Young radio journalists face tough work conditions, but continue to connect strongly with the medium – World Radio Day 2015

Radio journalism is an unstable profession where you start young and leave young. In the lead-up to World Radio Day on Friday, Laurent Poillot writes that young journalists are enduring worsening work conditions in radio in the face of an unstable job climate.

by WAN-IFRA Staff | February 10, 2015

In 2013, the Commission responsible for issuing identity cards to professional journalists (C.C.I.J.P) issued 36,823 press cards. Out of this total, 9,363 cards were for freelance journalists and journalists seeking employment. Journalists in these situations currently represent over 25% of the profession as a whole.

This instability evidently concerns young people entering the job market. A study carried out in 2013 by the French media industry observatory revealed that 68% of those under 26 years old were working freelance, a number which is constantly rising, having passed from 50% in 2009 to 60% in 2010. The current fragility of the status of journalists is equally reflected in the radio industry. Of the 37,000 press cards issued in 2012, 3,563 were for radio journalists, 61% of whom work in the public sector and 39% in the private sector.

It is also in the radio industry that we see freelance journalists who have press cards with the lowest income, the vast majority of whom are under thirty. Their incomes are in the range of around 1,500 euros per month before tax. Often these payments are made late. A young female radio journalist working for a major private radio station with national coverage told me that she once worked a full week and was still waiting to be paid five months later.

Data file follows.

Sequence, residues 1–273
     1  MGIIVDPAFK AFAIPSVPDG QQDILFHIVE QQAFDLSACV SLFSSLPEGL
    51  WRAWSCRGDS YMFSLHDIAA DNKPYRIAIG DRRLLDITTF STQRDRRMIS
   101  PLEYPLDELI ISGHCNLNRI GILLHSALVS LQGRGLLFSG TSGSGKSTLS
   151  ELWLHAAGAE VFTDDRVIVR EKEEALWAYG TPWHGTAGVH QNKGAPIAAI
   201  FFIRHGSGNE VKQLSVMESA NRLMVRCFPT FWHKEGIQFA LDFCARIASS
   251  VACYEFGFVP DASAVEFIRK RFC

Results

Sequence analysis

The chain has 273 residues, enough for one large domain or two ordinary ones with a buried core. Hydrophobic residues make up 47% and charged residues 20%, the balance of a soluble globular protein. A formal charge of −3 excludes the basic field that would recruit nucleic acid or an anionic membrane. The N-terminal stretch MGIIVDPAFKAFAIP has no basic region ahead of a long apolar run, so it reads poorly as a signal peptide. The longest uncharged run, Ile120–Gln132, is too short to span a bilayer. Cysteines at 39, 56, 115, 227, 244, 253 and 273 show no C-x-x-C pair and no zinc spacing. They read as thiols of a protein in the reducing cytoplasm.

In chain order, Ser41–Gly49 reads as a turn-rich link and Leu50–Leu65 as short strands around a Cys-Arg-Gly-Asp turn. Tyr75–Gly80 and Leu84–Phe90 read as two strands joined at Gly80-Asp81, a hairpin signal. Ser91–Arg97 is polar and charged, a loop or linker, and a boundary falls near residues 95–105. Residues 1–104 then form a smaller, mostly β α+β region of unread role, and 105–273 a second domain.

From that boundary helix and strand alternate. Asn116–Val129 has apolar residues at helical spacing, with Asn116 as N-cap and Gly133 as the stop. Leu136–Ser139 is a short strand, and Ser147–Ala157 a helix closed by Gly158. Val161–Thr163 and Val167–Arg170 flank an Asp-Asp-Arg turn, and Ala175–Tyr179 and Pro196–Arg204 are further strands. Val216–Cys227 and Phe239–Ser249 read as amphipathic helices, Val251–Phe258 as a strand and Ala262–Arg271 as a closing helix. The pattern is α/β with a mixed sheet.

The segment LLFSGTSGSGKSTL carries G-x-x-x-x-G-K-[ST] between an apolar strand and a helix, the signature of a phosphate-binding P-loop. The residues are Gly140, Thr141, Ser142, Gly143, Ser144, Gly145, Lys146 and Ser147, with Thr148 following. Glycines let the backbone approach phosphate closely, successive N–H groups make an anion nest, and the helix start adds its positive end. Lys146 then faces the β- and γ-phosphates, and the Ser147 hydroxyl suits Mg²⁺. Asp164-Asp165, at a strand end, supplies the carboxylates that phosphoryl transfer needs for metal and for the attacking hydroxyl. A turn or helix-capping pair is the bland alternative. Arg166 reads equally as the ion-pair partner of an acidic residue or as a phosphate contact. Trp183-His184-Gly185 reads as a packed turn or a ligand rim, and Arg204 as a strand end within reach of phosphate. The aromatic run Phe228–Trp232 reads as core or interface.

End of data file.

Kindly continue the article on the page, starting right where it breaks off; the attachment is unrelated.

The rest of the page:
When entering the profession today some young journalists develop a specialization strategy for a specific type of media, but most must be versatile as they are obliged to work simultaneously in television, radio, online and the written press in order to pay the bills. This situation causes them to confront a real question: what is my actual availability, in each medium, to produce consistent, quality work?

A study carried out in 2013 by the French media industry observatory revealed that these days 68% of those under 26 years old are working freelance, a number which is constantly rising.

I remember what a regular freelance journalist working for a radio station in Auvergne told me. She had seen more and more students joining the station. Young people provide a fresh perspective. They breathe new life into the station and they listen to a lot of radio themselves. They start working out of passion, attracted by the “hot” news media profession. But after a few years of work, other young people arrive and the earlier arrivals who are not shown the door find themselves with less work. Under these conditions, the inclusion of young people in the radio business is both fragile and unsustainable. In order to protect themselves and their future prospects, young people do not dare address the problem openly. They want to work in radio, so they put up with it.

These days, we enter the profession at a young age, but we leave it at a young age too. In France, by the age of 40 one journalist in two will leave their job. We see it in our association, where few members are above that age. In a separate study published by the Civil Society of Multimedia Authors (SCAM) in November 2013, the main grievances of the journalists interviewed regarding their profession were instability, isolation and a lack of recognition. It is an issue we want to raise in our association Profession Pigiste. Journalists have to, or the younger ones will have to if they have not already, consider updating their skills. They may do so by training, maintaining diversified networks and opening the profession up to people who are not necessarily journalists.

Radio as a social mobiliser for young people

Youth Radio in Action: The Syrian Hour

Your radio station may be youth-inclusive and able to address issues that affect young people directly through programmes that air youth voices and opinions. But what about content actually created by young people? This guide helps adult radio teachers and industry mentors to equip young people to produce their own content, that is, radio shows by young people for young people.

NOTE: This post represents edited content that was originally originally published by UNESCO for World Radio Day 2015.

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